Lions moving through water. The Money Shot. I don’t know what it is about a photo of a lion or lions wading across a river – no matter how shallow – that is so appealing, yet this is the photograph we’re all after. Maybe it’s just the fact that lions and water seem so at odds with one another, maybe it’s the rarity of the event.
I certainly believe that there’s something in the seeming contradiction of the lion-water combination that holds the allure.
Whatever it is, we almost struck pure gold a couple of days ago, when 17 lions from the Ntsevu Pride and Birmingham Coalition were lined up at the Causeway, seemingly debating whether or not to cross. We were rushing out to view the Tsalala lioness, who had taken down a buffalo bull all by herself (more on this later), when we bumped the sighting of the Ntsevu pride approaching the Sand River:
The pride had moved off a kill early that morning and had walked a good few kilometres across Londolozi to get to the Causeway. They were lying on the road out of sight to the right of the picture when we joined the sighting, but knowing how amazing the photographs would be if they crossed, we decided to wait on the opposite bank ahead of them. After a few minutes of waiting, they got moving, and here the first ones come into view.
A couple of the adult females were leading with the cubs trailing behind.
A number of them had now moved into the reeds just behind the front lioness and to the left of her in this picture, but our hope grew as she came doggedly onwards down the Causeway.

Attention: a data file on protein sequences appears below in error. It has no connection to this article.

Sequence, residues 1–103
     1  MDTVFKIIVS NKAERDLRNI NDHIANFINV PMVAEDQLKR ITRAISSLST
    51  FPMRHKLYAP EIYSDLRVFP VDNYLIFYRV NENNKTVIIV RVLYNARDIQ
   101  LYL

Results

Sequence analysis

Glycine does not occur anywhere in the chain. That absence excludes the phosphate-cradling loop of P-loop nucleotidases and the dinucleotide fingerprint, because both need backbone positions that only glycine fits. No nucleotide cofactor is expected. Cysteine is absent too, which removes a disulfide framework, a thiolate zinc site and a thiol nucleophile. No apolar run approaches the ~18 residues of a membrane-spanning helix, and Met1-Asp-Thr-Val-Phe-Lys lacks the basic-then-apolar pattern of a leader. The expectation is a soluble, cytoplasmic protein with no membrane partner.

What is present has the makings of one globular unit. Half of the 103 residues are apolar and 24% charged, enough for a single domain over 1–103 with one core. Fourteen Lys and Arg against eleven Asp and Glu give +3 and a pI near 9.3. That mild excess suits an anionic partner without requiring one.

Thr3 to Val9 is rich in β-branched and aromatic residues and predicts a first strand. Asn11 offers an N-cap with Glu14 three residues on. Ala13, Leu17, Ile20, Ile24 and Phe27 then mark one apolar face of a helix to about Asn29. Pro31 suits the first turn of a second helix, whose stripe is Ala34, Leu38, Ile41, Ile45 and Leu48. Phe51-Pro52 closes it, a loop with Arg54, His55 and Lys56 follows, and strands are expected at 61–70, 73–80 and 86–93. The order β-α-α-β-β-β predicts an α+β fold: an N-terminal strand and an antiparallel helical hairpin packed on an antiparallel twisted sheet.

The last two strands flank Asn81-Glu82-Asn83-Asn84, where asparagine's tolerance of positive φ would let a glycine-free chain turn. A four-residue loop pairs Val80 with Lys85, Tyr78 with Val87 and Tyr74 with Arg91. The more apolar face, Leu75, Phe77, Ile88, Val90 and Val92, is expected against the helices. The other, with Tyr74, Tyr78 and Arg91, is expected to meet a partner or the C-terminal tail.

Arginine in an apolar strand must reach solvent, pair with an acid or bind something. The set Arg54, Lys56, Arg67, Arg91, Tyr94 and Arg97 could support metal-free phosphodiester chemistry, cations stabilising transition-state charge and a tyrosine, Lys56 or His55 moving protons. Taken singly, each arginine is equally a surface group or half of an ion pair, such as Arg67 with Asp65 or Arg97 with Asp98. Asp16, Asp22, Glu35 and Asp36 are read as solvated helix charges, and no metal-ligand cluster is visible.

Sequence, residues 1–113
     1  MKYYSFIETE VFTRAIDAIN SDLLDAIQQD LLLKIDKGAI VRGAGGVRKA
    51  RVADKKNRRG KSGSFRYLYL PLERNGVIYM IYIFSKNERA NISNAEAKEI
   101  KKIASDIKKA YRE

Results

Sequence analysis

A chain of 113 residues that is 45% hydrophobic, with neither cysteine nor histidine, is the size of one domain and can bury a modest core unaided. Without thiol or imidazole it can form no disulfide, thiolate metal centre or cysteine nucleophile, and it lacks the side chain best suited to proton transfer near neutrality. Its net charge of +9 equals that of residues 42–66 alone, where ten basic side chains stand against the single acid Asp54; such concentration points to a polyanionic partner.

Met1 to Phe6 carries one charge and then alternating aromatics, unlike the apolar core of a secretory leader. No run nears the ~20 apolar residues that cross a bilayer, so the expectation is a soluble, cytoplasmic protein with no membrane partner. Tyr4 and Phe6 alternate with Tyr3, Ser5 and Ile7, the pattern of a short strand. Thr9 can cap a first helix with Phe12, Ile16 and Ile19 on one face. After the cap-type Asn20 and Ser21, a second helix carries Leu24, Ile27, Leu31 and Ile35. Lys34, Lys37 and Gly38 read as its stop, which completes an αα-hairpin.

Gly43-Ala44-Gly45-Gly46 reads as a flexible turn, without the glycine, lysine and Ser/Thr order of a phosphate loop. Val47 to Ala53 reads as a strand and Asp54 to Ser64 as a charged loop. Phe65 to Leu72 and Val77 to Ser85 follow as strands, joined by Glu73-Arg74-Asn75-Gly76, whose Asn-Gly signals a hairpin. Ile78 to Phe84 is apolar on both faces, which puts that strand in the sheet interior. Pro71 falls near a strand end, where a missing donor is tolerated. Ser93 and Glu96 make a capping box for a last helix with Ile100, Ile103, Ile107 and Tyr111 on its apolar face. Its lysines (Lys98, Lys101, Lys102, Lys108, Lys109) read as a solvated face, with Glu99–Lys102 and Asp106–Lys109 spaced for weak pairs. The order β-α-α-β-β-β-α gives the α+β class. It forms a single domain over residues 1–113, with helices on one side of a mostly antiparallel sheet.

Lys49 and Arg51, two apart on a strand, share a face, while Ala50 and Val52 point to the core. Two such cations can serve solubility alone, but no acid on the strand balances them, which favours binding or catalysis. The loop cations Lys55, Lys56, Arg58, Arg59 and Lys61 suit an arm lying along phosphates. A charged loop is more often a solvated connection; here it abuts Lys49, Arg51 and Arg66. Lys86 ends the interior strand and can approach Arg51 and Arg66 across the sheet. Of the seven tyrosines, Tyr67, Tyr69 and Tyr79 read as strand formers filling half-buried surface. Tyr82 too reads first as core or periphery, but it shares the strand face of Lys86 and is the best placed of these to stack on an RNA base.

The rest of the pride now emerged onto the Causeway and approached the water. With the water so low, lions can technically cross the river wherever they want, and aren’t limited to this concrete crossing point. In fact, it probably has the longest unbroken stretch of water around.
The pride paused at the water’s edge and started to drink. Notoriously wary of crocodiles, lions in this area are usually loathe to get their feet wet if they don’t have to.
There are 17 lions in this picture.
Once most of them had drunk their fill, the lead lioness opted not to cross the broad expanse of water, despite it being so shallow, and she led the pride off to the left into the reeds
A last look back from the last few to finish drinking.
And as usual, one of the Birmingham males was trailing behind..
17 lions coming across the Causeway towards us was almost too much to hope for, but seeing them all drinking in front of us was more than enough to make our day. And this was at 10am. Who says lions are only active at night?